He makes a fair point, one made by others over the past 24 hours. Biden’s idea of an accommodation for workers who don’t want to get vaccinated is to let them get tested weekly instead. But why isn’t there also an accommodation for people who’ve had COVID and can prove it via an antibody test?
According to an Israeli study released two weeks ago, people with natural immunity are better protected against infection than the vaccinated are. Much better if they were infected recently, in fact.
Fauci was asked about this last night on CNN by Sanjay Gupta. Would it surprise you if I told you his answer was … not quite fully accurate?
Dr. Fauci on why Americans who’ve previously been infected should get vaccinated despite studies showing it’s unnecessary: “I don’t have a really firm answer for you on that” pic.twitter.com/Y1CH2Wh6nk
— Tom Elliott (@tomselliott) September 10, 2021
“The one thing that paper from Israel didn’t tell you is whether or not — as high as the protection is with natural infection — what’s the durability compared to the durability of a vaccine?” he says. But the Israeli study did speak to durability. Researchers used two different methods to study that issue. First they compared people who were infected in January or February of this year to people who received their second dose during the same time frame. Then they compared people who were infected at *any* point prior to the end of February of this year to people who were vaccinated in January or February, when the shots first became available.
Results: Vaccinated people in the first group had 13 times the risk of infection that those with natural immunity did. That relative risk shrank in the second group to six times the risk, but the fact that the vaccinated were still at greater risk than those who’d had COVID much earlier is important. It means that even people who were infected many months before the vaccines were available still had stronger immunity on average as of this year than the recently vaccinated did. “This analysis demonstrated that natural immunity affords longer lasting and stronger protection against infection, symptomatic disease and hospitalization due to the Delta variant of SARS-CoV-2, compared to the BNT162b2 two-dose vaccine-induced immunity,” the study concluded.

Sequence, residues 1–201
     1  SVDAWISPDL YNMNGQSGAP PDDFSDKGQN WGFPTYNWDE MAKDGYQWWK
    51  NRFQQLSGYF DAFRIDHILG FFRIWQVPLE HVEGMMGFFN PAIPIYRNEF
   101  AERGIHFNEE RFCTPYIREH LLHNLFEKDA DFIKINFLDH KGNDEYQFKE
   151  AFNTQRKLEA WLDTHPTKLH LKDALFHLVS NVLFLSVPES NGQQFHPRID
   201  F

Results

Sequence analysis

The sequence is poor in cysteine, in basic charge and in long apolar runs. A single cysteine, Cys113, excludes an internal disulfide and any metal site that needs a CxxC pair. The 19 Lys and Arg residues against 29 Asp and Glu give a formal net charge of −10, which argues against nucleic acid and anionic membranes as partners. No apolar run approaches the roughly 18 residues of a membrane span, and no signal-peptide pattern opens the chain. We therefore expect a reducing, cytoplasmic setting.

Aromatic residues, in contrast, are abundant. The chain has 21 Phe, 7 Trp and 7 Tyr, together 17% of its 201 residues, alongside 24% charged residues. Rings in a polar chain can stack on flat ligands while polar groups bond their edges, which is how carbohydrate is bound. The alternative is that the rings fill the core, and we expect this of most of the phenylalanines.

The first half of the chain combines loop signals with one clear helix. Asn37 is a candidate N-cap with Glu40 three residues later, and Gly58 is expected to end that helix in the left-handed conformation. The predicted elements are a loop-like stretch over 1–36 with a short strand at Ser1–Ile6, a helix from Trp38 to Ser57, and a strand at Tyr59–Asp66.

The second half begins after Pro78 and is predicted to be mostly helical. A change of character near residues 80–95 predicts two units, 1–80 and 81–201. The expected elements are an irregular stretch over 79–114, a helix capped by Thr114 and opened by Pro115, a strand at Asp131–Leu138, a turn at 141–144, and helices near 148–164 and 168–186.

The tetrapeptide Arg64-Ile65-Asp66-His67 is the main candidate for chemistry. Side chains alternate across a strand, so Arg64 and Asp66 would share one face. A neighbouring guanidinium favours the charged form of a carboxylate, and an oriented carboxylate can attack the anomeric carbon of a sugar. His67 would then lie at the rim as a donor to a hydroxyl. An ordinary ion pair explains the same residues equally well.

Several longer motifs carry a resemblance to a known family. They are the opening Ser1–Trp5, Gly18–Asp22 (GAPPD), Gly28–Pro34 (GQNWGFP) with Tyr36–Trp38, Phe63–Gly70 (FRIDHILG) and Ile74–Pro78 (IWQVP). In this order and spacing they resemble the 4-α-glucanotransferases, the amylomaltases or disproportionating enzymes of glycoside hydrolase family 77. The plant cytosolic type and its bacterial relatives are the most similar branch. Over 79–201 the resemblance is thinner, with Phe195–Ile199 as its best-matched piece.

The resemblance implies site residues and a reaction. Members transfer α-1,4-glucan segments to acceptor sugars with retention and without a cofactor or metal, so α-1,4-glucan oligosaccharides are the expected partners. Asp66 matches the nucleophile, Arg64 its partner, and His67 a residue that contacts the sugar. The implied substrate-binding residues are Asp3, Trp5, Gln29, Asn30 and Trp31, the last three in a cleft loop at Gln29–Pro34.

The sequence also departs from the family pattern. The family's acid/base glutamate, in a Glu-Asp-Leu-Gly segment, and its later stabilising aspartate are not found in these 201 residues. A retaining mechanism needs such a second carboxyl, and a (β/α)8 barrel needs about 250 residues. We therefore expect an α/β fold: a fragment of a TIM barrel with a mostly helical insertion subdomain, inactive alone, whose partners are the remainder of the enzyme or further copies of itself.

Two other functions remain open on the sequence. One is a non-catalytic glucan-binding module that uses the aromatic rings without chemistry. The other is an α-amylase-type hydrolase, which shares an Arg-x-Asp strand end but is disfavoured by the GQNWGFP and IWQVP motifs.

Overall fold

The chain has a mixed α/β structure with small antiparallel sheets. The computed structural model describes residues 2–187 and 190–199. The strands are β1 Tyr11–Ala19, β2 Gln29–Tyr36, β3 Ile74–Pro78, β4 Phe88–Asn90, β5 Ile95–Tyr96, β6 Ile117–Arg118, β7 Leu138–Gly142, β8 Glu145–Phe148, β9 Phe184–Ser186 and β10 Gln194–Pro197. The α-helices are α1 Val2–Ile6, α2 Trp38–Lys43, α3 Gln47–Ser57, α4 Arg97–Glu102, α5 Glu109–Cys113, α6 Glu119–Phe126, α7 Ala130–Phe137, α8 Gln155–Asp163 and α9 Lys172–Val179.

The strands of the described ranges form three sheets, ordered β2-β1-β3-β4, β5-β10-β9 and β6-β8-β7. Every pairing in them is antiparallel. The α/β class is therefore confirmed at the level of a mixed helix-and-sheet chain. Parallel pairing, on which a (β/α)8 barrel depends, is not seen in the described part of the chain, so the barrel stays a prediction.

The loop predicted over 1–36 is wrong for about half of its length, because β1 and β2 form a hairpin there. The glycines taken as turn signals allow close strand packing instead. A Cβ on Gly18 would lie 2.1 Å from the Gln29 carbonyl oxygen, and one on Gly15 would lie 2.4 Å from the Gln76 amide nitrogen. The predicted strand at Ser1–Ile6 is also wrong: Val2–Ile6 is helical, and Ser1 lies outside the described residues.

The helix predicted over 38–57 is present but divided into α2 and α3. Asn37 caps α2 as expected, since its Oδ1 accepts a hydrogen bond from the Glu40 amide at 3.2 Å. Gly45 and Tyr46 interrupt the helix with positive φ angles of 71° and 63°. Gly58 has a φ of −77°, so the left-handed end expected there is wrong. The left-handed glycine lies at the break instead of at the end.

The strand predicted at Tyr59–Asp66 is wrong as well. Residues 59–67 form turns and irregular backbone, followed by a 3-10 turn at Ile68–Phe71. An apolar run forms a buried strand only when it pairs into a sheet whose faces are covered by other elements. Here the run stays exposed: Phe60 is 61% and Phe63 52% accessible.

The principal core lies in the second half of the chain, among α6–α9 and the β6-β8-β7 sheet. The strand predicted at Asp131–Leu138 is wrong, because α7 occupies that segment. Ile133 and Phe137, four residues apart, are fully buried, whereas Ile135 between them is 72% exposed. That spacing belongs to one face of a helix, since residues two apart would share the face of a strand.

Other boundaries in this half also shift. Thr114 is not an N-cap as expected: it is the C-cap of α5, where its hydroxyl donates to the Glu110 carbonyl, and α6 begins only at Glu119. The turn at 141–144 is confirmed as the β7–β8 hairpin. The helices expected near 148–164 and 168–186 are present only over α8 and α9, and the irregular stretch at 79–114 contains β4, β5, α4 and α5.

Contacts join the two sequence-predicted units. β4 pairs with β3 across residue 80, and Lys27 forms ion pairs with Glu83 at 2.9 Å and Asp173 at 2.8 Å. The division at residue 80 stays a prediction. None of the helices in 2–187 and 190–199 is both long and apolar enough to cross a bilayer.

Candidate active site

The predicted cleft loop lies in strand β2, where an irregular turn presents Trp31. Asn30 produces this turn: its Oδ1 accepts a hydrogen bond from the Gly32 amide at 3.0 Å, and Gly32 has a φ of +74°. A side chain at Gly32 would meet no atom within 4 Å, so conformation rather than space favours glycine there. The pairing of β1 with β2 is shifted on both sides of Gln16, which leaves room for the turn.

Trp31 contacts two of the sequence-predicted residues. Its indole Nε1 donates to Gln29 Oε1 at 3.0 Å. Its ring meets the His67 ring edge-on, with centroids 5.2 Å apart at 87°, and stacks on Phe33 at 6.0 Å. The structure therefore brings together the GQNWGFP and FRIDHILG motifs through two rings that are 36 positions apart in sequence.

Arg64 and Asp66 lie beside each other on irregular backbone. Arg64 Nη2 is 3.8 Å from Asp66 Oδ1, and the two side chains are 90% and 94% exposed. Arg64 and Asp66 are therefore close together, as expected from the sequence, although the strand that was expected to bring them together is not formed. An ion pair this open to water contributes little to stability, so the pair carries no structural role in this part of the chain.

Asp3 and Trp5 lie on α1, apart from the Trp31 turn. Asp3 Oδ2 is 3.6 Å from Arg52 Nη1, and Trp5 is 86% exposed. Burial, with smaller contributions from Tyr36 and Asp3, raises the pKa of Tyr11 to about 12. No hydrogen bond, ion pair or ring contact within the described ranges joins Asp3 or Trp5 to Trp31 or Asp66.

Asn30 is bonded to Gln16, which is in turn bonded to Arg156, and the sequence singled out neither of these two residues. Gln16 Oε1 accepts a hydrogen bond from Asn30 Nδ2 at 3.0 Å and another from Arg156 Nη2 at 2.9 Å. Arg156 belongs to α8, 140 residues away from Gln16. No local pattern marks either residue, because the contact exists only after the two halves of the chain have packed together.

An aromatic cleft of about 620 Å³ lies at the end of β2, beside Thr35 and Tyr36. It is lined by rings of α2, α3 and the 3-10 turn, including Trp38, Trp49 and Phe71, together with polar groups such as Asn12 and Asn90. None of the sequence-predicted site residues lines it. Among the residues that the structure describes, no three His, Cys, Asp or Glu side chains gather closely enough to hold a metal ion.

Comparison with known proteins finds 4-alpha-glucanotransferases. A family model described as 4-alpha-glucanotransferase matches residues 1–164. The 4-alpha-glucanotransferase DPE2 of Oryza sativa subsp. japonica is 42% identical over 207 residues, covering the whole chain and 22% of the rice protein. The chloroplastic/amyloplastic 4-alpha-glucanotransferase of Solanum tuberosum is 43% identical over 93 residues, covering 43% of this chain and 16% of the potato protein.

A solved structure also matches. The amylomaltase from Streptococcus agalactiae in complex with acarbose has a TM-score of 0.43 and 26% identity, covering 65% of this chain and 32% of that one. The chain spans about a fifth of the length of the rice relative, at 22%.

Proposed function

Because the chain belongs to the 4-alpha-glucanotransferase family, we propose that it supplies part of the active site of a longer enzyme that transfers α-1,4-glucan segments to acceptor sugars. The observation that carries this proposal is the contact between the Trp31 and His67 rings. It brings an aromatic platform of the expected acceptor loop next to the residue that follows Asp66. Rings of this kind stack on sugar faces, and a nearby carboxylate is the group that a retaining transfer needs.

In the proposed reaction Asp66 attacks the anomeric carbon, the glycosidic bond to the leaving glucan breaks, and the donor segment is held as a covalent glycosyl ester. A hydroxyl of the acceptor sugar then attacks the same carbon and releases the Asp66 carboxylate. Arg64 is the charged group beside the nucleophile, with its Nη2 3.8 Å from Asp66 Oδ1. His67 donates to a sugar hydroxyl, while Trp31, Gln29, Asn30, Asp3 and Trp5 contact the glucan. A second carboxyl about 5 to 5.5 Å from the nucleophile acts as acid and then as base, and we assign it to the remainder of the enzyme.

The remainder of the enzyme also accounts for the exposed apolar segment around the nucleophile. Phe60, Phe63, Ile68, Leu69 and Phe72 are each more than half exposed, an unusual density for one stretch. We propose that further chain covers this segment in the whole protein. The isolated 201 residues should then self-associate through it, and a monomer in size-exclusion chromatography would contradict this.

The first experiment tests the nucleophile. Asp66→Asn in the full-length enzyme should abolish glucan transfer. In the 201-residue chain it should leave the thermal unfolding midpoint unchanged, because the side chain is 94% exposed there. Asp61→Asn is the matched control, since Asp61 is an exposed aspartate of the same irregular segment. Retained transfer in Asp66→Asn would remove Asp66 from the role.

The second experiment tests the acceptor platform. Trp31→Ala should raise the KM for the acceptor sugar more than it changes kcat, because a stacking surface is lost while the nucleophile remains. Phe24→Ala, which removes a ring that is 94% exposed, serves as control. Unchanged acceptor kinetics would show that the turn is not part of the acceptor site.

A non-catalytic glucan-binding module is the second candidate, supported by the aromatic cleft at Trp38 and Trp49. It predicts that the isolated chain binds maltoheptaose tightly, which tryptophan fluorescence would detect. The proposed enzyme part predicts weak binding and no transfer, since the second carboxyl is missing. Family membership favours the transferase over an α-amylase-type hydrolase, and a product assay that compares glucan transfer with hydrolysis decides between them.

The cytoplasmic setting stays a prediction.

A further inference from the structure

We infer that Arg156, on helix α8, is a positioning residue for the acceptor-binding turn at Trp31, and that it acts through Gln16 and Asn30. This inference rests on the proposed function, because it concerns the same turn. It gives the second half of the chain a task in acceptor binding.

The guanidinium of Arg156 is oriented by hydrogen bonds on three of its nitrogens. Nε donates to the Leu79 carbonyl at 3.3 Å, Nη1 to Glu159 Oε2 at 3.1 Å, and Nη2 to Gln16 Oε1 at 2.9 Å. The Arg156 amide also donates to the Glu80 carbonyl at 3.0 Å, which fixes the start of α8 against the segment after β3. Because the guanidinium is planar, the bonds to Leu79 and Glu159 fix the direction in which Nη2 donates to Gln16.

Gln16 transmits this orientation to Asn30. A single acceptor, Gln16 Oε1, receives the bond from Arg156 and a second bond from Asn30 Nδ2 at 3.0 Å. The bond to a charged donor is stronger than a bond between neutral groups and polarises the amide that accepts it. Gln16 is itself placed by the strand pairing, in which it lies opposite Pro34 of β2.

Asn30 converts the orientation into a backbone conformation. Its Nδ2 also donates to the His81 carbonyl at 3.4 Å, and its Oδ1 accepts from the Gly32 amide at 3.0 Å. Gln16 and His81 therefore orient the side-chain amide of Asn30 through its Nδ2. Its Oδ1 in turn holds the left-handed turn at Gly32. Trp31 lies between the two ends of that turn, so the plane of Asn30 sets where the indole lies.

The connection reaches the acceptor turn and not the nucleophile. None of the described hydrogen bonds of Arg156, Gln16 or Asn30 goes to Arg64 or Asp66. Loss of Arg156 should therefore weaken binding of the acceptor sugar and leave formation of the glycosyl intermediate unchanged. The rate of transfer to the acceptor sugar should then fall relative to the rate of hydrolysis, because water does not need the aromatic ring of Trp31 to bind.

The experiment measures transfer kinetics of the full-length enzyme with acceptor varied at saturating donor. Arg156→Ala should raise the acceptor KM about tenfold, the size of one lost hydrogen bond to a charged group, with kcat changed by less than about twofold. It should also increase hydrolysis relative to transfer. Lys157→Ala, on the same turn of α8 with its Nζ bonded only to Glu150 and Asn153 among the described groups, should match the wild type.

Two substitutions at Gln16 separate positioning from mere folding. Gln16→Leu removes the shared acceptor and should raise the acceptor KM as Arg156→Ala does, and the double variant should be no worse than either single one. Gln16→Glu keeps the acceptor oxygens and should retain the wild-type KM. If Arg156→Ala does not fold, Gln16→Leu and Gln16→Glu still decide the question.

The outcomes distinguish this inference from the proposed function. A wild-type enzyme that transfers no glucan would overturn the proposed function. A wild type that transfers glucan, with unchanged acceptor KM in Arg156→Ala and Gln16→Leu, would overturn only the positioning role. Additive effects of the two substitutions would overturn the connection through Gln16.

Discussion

So what is Fauci talking about?
What I think he means is that the Israeli study does show natural immunity waning over time and doesn’t give us any sense of when (if ever) it might wane to the point where a person might become vulnerable to reinfection. In theory, that would be the point when they should be vaccinated to boost their immunity — a superhuman boost, as it turns out. Hybrid immunity, in which a person who’s been infected is later vaccinated, is robust because that person’s immune system has already had a look at the complete virus and evolved sophisticated antibodies to cope with reinfection. When their immune system is given a second look at the spike protein on the virus via vaccination, those antibodies become even more sophisticated, all but foolproof according to studies.
Fauci’s saying, I take it, that we can’t be sure yet based on the Israeli study alone that everyone with natural immunity will continue to be as well protected as people who are vaccinated, especially after a booster. But since there’s every indication from the study that they’re better protected than the vaccinated are *now,* why shouldn’t a federal policy that’s being implemented *now* make an exception to the vaccine mandate for them?
Here’s Ron DeSantis pleading the case for those with natural immunity this afternoon as well as taking some jabs at Biden. Watch, then read on:
Gov. DeSavage CLAPS BACK at Biden for his tyrannical vaccine mandates, says what we’re all thinking:
“It’s not based on science. He’s saying he’s losing patience with people?… We don’t live with a one-person rule in this country. We live in a Constitutional system.” pic.twitter.com/xBYVza8v7P
— Benny (@bennyjohnson) September 10, 2021
One thing that jumps out at me from his comments is how he seems to oppose employer vaccine mandates on the merits, not just as a matter of constitutional overreach by the White House. There’s a legitimate legal question of whether the regulatory power over commerce delegated by Congress to OSHA grants that agency a police power over public health a la what the states enjoy under the Tenth Amendment. But that’s not the crux of DeSantis’s objection. He dislikes Biden’s mandate because he’s worried that unvaccinated workers might lose their jobs if they don’t comply.
Well, that would also happen under a private employer vaccine mandate, which are legal in Florida. Does DeSantis oppose those too even though they’re appropriate under the law and would improve vaccination rates in Florida? Between this and his staunch opposition to vaccine passports, he’s now sided with anti-vaxxers twice over the rights of business owners to run their shops as they see fit.
Exit question via Joel Mathis: What’s the Republican alternative to vaccine mandates to try to contain the pandemic? DeSantis mentions at one point that the U.S. has more cases now than it did a year ago (although he doesn’t mention which state was a key driver of this summer’s ballooning national totals) and he reminds everyone of Biden’s failed pre-Delta promise to “shut down the virus.” It’s a fair cop. So what’s the GOP plan to shut it down? DeSantis has spent the last month touting monoclonal antibodies as an important treatment for COVID, which is good — but that’s part of Biden’s plan too. What is it that Republicans want him to do to bring down cases and hospitalizations that he’s not doing? What would President DeSantis do?
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